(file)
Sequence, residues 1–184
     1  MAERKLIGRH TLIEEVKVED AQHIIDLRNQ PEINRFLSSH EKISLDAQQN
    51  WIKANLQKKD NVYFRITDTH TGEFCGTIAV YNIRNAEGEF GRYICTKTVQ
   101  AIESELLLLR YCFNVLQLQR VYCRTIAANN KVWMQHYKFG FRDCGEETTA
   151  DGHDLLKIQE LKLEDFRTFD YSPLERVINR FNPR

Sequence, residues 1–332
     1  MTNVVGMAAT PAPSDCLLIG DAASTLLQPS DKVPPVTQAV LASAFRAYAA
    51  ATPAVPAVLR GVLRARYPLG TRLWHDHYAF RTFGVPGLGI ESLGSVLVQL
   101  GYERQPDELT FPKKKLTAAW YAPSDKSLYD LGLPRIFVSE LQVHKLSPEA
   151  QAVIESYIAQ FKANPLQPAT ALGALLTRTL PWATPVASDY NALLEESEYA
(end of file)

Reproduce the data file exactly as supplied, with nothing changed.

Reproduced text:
Sequence, residues 1–184
     1  MAERKLIGRH TLIEEVKVED AQHIIDLRNQ PEINRFLSSH EKISLDAQQN
    51  WIKANLQKKD NVYFRITDTH TGEFCGTIAV YNIRNAEGEF GRYICTKTVQ
   101  AIESELLLLR YCFNVLQLQR VYCRTIAANN KVWMQHYKFG FRDCGEETTA
   151  DGHDLLKIQE LKLEDFRTFD YSPLERVINR FNPR

Sequence, residues 1–332
     1  MTNVVGMAAT PAPSDCLLIG DAASTLLQPS DKVPPVTQAV LASAFRAYAA
    51  ATPAVPAVLR GVLRARYPLG TRLWHDHYAF RTFGVPGLGI ESLGSVLVQL
   101  GYERQPDELT FPKKKLTAAW YAPSDKSLYD LGLPRIFVSE LQVHKLSPEA
   151  QAVIESYIAQ FKANPLQPAT ALGALLTRTL PWATPVASDY NALLEESEYA